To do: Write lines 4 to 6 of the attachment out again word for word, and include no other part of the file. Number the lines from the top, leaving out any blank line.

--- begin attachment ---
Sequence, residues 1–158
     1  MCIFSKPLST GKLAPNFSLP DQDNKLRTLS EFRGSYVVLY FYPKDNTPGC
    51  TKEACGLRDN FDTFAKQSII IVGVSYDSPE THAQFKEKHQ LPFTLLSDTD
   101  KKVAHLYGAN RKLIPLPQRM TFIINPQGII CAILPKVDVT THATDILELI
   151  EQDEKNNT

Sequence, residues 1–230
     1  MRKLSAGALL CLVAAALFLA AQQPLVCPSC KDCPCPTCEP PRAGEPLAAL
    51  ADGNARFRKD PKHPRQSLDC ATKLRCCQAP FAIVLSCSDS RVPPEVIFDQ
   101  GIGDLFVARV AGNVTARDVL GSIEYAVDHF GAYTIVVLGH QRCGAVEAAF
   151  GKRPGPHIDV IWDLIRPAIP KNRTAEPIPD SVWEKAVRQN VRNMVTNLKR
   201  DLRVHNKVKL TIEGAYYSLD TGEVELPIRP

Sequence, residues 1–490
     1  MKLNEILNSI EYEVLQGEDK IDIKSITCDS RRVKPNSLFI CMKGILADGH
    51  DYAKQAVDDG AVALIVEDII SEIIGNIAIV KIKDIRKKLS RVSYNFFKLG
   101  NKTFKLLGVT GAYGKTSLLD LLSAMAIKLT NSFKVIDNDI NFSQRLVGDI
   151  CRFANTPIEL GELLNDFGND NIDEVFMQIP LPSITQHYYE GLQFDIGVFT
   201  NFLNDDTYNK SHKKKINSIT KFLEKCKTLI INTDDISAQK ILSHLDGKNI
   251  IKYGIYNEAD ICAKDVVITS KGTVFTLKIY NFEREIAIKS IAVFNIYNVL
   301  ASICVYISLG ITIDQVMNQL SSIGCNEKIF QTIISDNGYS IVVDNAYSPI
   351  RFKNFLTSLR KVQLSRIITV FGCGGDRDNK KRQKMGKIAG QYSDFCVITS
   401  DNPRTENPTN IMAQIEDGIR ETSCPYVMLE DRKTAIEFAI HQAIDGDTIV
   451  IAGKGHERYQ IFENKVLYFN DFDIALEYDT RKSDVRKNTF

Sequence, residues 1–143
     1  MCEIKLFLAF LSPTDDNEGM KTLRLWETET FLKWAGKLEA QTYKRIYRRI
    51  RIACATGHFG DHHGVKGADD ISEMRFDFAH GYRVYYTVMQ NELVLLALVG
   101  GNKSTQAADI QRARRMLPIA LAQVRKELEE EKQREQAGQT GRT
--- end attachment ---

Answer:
   101  KKVAHLYGAN RKLIPLPQRM TFIINPQGII CAILPKVDVT THATDILELI
   151  EQDEKNNT

Sequence, residues 1–230